Theresa May stood on the podium today with a huge task ahead of her. She needed to unite the cabinet, inject renewed energy and faith into the party, appeal to the electorate, show a human side, and outline her vision for the country. Mainly for reasons beyond her control – and for some within it – she achieved all of that today.
The speech started solidly and she was articulating her vision well. She was passionate and talked about what she was in the business of politics for. Identifying injustice and putting it right – it had all the hallmarks of her first speech on the steps of Downing Street. It was what wooed the electorate and gave her stellar poll ratings. She talked about discrimination, the need to give voice to vulnerable people, and delivered a really quite compelling argument in favour of the free market economy.
And despite all this very good content, something else will get all the media attention. A heckler handed her a P45 in the name of Boris Johnson. She took it, she made a joke, and she carried on. Then her voice failed. She has a cold at the moment and again she battled on through it. Stoicism is something she is known for. Sympathy for someone battling adversity is what the British public are known for. Together this combination will surely give her a boost and put her enemies back in their box. Feel sorry for her if you must, but feel admiration for her too for pushing through. This has made her seem more human and that can only have good consequences given her reputation for being a bit robotic.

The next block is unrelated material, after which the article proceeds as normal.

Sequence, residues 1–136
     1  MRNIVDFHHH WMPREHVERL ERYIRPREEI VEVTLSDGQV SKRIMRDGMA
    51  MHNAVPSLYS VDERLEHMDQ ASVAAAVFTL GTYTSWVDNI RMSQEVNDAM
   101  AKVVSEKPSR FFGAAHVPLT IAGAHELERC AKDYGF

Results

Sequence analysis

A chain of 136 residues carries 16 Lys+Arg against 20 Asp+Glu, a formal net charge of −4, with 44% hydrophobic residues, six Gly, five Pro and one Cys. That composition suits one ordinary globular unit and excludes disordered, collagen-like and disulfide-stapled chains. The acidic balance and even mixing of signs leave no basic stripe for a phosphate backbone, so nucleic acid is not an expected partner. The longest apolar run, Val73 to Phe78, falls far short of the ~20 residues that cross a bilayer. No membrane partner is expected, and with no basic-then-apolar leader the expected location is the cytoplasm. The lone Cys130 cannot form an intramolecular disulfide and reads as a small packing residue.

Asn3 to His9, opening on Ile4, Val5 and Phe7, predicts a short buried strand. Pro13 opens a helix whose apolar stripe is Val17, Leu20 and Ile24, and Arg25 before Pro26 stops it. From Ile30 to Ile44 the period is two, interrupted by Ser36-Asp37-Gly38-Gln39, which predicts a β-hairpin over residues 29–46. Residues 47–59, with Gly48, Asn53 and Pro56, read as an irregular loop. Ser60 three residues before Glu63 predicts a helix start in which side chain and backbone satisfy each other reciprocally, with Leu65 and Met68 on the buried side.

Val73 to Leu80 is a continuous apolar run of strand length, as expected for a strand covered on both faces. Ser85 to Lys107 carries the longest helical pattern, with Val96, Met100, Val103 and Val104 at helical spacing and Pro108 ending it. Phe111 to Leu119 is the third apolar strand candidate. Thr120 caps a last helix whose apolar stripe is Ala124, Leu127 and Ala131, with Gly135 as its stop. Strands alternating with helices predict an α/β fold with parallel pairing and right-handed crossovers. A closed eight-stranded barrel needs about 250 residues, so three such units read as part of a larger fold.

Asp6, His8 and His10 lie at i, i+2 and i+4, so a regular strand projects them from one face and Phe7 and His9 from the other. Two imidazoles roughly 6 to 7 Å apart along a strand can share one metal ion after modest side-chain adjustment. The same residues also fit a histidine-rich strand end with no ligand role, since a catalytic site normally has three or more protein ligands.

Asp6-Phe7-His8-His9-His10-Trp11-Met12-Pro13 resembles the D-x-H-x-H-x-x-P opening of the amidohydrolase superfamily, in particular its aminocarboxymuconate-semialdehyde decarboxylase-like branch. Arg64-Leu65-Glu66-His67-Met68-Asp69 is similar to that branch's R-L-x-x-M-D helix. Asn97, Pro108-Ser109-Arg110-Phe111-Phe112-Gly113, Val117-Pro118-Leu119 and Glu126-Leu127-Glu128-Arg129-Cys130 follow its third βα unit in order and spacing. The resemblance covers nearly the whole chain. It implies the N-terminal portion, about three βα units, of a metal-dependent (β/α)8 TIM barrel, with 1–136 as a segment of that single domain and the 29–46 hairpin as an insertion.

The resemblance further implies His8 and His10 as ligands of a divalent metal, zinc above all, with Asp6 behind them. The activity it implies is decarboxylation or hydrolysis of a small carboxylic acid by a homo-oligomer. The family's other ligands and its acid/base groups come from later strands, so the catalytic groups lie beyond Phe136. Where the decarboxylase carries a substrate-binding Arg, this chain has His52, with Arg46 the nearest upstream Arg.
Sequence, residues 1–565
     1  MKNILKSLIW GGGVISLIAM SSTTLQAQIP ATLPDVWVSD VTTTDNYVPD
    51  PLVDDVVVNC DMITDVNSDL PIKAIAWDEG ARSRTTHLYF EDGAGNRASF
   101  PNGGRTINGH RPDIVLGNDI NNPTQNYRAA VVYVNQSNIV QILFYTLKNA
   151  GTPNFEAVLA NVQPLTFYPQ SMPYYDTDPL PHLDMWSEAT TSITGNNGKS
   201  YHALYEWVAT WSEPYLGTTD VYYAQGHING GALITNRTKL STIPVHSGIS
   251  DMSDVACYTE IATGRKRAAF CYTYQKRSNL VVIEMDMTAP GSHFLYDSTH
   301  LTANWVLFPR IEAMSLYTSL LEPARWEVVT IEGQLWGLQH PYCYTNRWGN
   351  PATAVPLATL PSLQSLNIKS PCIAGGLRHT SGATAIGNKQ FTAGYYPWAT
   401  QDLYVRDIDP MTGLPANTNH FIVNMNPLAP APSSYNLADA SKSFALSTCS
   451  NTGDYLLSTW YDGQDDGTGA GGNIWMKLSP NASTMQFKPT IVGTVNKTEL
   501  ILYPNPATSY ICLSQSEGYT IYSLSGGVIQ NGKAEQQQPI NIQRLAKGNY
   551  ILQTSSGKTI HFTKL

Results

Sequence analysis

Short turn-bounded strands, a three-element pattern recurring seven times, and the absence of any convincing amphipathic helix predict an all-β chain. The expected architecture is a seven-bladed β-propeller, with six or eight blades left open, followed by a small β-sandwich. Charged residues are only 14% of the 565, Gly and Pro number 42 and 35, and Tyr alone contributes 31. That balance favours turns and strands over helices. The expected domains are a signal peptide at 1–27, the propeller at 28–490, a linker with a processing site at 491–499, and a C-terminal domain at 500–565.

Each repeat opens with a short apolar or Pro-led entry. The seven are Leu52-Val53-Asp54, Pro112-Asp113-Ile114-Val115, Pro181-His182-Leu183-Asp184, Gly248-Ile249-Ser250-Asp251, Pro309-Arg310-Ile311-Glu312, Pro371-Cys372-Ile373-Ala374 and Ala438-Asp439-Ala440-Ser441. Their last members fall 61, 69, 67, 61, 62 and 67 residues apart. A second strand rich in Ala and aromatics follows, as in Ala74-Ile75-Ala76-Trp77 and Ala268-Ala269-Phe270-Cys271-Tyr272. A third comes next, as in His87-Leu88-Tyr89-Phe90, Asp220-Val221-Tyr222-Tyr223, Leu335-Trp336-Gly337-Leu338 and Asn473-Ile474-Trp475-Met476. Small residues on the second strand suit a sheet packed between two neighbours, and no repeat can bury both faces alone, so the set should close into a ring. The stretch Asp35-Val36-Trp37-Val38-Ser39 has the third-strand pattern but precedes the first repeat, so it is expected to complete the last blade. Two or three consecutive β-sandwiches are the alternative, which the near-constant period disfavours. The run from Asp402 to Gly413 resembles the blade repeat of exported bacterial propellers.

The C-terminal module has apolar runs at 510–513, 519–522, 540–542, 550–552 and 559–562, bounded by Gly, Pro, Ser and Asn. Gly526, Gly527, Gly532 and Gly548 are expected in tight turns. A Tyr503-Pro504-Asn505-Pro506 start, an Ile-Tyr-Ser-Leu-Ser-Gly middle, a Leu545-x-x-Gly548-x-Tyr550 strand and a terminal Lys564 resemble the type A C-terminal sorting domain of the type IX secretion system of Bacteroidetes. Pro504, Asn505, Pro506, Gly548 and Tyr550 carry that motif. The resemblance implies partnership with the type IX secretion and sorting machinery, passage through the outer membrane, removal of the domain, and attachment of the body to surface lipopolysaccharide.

The speech lasted longer than expected because a sympathetic audience gave her more standing ovations to allow her to catch her breath and take a sip of water. And if we’re honest, some of the announcements will have been missed because people were not waiting to hear what she said but whether she could physically say it. But she attacked Corbyn, she lamented the viciousness that has crept into political discourse, she condemned narrow minded nationalism and told us a second referendum in Scotland was denied.
The election was a real learning curve for Theresa May. The policy announcements proved it with extra money for a social house building programme and a promise to review student debt. She also stuck by the election pledge to introduce a price cap on energy bills. She knows if the Conservatives are to have a hope at the next election they need a wider appeal.
So now we wait for the fallout. Will this prove the point when the public gets behind her and sees her for what she’s doing and what she’s putting herself through? Will her detractors feel cowed into being less aggressive? Boris Johnson will be feeling sheepish today for his antics, but how long will it last? The phrase ‘this is what I’m in this for’ was repeated over and over. But it’s the stuff that you’re not in it for that really tests you and grinds you down. And she showed she has the mettle to double down and get on with the job. It’s tough at the top.
Authored by Michael Stott